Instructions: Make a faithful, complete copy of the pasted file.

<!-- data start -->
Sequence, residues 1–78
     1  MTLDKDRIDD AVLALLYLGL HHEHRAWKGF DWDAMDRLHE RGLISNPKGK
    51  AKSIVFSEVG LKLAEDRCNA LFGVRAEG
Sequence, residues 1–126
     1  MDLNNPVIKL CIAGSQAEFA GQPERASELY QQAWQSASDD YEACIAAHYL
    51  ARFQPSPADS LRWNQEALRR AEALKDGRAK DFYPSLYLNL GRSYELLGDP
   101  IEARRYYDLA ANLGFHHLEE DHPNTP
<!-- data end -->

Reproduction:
Sequence, residues 1–78
     1  MTLDKDRIDD AVLALLYLGL HHEHRAWKGF DWDAMDRLHE RGLISNPKGK
    51  AKSIVFSEVG LKLAEDRCNA LFGVRAEG
Sequence, residues 1–126
     1  MDLNNPVIKL CIAGSQAEFA GQPERASELY QQAWQSASDD YEACIAAHYL
    51  ARFQPSPADS LRWNQEALRR AEALKDGRAK DFYPSLYLNL GRSYELLGDP
   101  IEARRYYDLA ANLGFHHLEE DHPNTP